- Liberalized investment policies displaced local farmers
The Halifax Initiative rejects any trade agreement that would:
- reduce a government's ability to retain public ownership over public goods and services
- create a chill effect on increasing labour and environment standards, due to a NAFTA-style investor-state dispute mechanism that allows non-discrimination between domestic and foreign investors and uses a broad definition of expropriation.
- further deepen the race to the bottom by accelerating trade and investment liberalization, increasing dependency on external capital
- define investment, transfers, and national treatment so as to severely restrain the ability of governments to regulate even short-term speculative capital flows, in order to prevent or manage a financial crisis. Recent experience with international capital markets suggests that it is not an appropriate time to negotiate a new investment agreement that would limit signatory countries' abilities to regulate the flow of capital across international boundaries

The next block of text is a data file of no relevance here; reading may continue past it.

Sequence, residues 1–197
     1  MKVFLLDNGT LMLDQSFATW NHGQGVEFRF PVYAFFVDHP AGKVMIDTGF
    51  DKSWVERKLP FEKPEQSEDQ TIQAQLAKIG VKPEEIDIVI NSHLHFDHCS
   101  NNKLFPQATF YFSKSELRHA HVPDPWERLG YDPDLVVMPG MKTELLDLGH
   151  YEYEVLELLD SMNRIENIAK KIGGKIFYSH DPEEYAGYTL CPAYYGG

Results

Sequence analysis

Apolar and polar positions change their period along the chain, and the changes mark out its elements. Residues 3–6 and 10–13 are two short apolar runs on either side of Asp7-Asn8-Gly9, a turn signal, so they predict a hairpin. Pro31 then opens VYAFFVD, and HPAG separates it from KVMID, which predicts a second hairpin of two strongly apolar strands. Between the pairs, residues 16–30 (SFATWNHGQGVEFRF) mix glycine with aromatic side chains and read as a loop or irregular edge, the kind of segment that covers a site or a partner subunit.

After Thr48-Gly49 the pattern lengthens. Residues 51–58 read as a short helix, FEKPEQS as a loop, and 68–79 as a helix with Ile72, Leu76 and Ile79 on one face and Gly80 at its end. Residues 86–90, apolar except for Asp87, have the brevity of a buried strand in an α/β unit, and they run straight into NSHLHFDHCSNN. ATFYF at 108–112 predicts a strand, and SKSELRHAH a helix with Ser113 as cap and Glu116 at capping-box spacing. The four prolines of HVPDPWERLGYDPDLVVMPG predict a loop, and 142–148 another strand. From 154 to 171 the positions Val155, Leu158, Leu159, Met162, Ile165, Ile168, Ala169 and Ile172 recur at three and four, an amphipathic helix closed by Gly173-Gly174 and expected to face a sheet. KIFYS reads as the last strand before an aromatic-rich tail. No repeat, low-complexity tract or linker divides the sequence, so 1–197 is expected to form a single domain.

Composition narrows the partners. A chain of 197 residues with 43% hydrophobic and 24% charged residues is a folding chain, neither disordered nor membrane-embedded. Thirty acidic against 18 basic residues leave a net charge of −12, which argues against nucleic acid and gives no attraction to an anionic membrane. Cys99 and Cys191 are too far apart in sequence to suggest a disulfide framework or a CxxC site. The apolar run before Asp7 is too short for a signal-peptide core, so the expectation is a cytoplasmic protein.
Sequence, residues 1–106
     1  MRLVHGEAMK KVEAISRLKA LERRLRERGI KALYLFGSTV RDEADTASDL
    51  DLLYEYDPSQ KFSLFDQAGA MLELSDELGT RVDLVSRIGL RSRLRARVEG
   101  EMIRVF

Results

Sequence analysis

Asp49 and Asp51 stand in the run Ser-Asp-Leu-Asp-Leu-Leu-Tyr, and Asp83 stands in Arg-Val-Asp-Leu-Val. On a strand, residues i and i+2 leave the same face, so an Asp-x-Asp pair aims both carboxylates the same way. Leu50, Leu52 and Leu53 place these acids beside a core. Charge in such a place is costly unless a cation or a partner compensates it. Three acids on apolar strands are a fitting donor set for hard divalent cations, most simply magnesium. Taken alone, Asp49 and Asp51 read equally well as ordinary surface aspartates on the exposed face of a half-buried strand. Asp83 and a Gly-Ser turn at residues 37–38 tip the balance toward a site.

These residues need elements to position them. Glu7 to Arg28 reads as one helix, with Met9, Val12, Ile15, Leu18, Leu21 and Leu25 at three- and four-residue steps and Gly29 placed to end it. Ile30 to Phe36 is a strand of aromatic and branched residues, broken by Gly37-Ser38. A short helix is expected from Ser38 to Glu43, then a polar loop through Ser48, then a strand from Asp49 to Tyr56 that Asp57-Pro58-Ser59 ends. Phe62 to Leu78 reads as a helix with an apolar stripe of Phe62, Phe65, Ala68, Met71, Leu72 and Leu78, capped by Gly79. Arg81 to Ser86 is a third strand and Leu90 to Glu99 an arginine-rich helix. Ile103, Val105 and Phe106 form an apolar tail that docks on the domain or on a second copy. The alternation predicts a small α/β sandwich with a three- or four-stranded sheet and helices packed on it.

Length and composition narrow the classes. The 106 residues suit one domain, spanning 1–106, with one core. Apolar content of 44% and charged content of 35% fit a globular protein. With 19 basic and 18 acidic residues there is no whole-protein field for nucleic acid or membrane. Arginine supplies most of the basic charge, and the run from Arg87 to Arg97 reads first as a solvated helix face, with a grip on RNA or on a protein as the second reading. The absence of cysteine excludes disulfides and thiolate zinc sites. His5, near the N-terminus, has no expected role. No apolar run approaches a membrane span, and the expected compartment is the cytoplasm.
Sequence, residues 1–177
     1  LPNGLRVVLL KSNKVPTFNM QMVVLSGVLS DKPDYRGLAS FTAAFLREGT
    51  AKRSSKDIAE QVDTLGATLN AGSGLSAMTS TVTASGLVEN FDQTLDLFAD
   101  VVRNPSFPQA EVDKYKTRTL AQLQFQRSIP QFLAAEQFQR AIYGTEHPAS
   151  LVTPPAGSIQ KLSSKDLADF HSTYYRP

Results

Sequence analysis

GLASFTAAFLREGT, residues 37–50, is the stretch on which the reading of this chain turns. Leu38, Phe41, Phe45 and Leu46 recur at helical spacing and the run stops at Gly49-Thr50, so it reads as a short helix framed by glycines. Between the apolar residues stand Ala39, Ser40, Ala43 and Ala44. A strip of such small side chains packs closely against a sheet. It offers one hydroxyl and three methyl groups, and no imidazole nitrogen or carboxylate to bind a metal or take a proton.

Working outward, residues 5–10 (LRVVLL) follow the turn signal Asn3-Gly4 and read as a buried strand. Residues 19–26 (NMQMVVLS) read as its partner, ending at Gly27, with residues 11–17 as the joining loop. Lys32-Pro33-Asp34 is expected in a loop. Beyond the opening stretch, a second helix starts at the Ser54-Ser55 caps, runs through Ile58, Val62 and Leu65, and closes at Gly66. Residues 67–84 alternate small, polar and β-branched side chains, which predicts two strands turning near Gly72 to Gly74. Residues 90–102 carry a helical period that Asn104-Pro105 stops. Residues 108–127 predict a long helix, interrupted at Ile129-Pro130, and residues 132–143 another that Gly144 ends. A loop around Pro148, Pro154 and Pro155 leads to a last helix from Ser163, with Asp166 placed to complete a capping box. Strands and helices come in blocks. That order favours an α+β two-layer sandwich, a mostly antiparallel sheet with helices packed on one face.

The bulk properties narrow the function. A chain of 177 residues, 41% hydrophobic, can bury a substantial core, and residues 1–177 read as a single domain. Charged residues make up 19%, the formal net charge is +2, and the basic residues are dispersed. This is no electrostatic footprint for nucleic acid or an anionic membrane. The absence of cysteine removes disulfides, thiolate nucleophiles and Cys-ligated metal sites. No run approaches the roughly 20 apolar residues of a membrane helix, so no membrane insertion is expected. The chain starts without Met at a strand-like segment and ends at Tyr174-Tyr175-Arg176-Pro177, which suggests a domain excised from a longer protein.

- fail to address the debt burden of Central America, Latin America and the Caribbean. The debt of the poorest countries in the hemisphere is not on the FTAA agenda at all, and that there is no discussion of the fact a significant portion of the debt is illegitimate. This debt constitutes the most significant barrier to development. There must also be recognition of the "ecological debt" that is owed to Third World countries that have suffered the effects of extracting their natural resources - like petroleum, minerals, forests and marine and genetic resources - and the environmental damage that accompanies these largely to the benefit of industrialized countries and transnational corporations.
- be negotiated in secret, without public participation, no requirements for parliamentary/congressional debate and which fails to negotiate with indigenous peoples.
Like the World Bank and IMF, the FTAA presumes a model of development that measures progress in terms of degree of liberalization, export orientation and sees a public role reduced to maintaining a stable investment climate and "law and order".
The Halifax Initiative calls on governments of the hemisphere to: